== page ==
Think about the contents of your main garbage can at home. Chances are it is full of a diverse mixture of plastic bottles, milk cartons, banana peels and expired produce. Spare us the gory details.
Which brings us to a new mindful movement in the kitchen that has been gaining a little more limelight in the last few months: Zero-waste eating and cooking. According to the United States Environmental Protection Agency (EPA), 22 percent of discarded municipal solid waste comes from food, and the U.S. Department of Agriculture (USDA) estimates that 31 percent of the 430 billion pounds of food produced was not eaten — so essentially one-third of all food produced for consumption is lost or wasted.
And because most household trash is produced in the kitchen, when we are talking about introducing sustainable practices at home, overhauling the kitchen becomes a critical component.
What is Zero-Waste Eating and Cooking?
Zero-waste eating and cooking hinges on the simple act of consciously reducing the waste produced in the kitchen. Despite the “zero” in zero waste, most gurus agree that generating absolutely zero trash is mostly impossible, so the movement focuses instead on reducing, reusing and recycling, with the goal of generating the smallest amount of landfill-bound trash as possible — or none at all.
“Everyone’s definition of zero-waste is going to be a little different,” says Anne-Marie Bonneau, also known as the Zero Waste Chef, a blogger and chef who contributes to major media publications. “For me, it’s about sending as little to landfill or recycling as possible. It’s impossible to be perfect, so just get that right out of your head from the very beginning.”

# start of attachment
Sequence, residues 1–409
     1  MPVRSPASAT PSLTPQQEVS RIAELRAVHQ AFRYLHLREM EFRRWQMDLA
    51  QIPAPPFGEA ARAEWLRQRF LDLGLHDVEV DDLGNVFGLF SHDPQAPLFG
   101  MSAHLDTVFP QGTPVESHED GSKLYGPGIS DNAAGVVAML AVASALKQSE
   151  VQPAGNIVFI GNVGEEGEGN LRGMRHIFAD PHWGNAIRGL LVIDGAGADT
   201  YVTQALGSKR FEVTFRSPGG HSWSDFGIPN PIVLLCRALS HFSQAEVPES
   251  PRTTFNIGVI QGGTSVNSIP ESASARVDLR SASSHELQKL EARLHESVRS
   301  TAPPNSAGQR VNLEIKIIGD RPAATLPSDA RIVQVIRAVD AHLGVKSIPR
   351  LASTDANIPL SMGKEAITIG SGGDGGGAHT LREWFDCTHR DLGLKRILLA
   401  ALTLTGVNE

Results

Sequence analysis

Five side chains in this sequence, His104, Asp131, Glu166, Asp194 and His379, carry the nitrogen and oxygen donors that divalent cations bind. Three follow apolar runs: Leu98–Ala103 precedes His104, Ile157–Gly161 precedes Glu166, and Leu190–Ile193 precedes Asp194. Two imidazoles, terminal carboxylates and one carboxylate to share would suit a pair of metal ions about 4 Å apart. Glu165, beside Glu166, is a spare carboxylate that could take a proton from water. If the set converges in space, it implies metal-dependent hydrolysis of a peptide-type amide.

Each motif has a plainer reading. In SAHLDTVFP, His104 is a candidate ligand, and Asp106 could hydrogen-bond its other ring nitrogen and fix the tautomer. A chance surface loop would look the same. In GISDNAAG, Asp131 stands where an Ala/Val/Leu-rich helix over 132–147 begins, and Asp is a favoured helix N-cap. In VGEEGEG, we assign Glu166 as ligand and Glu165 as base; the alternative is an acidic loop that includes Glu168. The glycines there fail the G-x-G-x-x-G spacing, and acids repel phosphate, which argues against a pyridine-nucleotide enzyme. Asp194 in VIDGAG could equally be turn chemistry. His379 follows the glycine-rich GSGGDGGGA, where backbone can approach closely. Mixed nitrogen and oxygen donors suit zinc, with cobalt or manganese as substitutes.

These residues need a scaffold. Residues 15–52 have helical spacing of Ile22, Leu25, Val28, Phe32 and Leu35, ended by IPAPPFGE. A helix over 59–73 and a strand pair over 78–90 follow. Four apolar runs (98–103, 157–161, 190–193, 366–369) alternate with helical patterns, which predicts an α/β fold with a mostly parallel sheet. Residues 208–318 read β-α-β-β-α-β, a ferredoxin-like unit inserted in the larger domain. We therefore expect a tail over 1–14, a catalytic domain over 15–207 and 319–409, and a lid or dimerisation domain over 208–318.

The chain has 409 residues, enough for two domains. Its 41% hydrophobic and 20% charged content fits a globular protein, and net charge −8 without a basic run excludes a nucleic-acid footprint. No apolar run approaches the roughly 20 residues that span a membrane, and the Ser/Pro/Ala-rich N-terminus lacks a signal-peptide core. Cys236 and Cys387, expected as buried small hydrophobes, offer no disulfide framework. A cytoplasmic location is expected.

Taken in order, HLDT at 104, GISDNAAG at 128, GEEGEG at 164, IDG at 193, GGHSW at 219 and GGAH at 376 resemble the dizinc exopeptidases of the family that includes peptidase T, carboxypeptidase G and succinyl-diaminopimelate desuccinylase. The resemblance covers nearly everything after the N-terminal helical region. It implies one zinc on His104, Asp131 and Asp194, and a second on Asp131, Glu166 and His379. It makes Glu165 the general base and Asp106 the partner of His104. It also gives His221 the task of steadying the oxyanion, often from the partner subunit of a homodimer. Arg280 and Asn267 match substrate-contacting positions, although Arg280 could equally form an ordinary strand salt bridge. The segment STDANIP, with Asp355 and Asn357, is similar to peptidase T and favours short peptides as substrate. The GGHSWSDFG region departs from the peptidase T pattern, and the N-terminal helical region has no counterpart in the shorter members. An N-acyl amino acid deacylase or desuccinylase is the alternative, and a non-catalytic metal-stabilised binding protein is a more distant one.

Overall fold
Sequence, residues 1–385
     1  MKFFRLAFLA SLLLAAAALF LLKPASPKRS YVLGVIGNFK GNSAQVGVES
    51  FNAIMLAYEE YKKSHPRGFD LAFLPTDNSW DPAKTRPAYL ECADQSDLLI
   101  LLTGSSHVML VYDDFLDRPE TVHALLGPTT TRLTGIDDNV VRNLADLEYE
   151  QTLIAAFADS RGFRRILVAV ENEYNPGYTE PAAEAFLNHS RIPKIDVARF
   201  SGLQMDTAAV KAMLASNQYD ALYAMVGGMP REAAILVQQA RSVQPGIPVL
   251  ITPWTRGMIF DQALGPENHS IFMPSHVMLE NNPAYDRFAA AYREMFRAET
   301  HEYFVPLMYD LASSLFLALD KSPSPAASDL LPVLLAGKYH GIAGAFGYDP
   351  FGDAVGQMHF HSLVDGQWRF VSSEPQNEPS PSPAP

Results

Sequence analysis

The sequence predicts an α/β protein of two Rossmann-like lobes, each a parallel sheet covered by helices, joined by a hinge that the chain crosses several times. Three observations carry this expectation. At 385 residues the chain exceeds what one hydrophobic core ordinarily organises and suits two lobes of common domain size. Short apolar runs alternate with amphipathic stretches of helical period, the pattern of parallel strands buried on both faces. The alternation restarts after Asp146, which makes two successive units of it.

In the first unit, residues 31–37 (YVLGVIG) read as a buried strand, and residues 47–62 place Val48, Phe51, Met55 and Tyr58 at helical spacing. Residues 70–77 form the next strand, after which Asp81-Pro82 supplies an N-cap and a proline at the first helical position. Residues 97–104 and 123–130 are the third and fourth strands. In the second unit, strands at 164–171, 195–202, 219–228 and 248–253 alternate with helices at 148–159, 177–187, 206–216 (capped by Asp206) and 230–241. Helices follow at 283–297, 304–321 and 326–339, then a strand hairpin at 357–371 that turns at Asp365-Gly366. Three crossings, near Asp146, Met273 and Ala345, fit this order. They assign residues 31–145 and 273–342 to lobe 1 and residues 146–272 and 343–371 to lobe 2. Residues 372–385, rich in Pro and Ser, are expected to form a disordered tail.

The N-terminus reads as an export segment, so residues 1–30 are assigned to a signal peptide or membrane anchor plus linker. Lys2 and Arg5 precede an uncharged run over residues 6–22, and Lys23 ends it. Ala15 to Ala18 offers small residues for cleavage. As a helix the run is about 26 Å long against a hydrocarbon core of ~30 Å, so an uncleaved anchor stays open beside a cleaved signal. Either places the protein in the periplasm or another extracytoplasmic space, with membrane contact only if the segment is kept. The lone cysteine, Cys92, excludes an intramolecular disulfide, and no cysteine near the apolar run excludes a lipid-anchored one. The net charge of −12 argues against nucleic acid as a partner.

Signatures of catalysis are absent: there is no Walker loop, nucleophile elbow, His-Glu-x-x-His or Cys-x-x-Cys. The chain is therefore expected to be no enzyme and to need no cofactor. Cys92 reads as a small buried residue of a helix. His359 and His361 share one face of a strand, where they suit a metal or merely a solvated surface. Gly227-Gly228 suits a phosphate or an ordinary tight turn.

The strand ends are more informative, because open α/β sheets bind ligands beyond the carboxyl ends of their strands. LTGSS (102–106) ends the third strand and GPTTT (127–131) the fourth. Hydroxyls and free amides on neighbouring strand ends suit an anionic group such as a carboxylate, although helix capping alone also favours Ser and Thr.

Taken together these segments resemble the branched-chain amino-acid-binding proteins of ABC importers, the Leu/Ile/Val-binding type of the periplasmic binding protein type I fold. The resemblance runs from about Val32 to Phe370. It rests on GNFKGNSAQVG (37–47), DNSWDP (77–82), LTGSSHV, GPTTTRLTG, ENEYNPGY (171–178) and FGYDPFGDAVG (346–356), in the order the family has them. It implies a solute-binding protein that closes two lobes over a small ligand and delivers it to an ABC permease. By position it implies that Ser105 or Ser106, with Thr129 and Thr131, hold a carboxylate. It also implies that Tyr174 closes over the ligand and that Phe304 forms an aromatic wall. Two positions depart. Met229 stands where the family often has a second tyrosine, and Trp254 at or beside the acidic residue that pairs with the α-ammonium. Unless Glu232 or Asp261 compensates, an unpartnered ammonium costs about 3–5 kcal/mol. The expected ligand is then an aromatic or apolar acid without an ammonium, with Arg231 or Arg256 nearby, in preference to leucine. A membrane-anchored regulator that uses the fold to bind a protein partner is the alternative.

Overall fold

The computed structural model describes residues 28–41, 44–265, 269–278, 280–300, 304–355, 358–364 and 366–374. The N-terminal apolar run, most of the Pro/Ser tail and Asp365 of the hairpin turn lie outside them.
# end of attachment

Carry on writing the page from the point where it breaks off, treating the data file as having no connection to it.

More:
One-third of all food produced for consumption is lost or wasted.
Bonneau runs her kitchen on three simple rules: no packaging, no processed foods, no trash. And these philosophies have also spurred her on a different route of cooking. Whereas before cooking entailed picking a recipe and then buying all the unique ingredients intended to make it and then having those rot in the pantry, Bonneau now appreciates the creative challenge it takes to repurpose the food she has on hand.
“Zero-waste just makes you examine every aspect of your life,” she says. “Once you kick the plastic, you start to eat better food because all the processed foods tend to come in plastic. You start to eat more vegetables, so all of that affects how I cook. Now I think, ‘Ok, this is what I have on hand, what can I make with this.’ It’s a completely different approach.”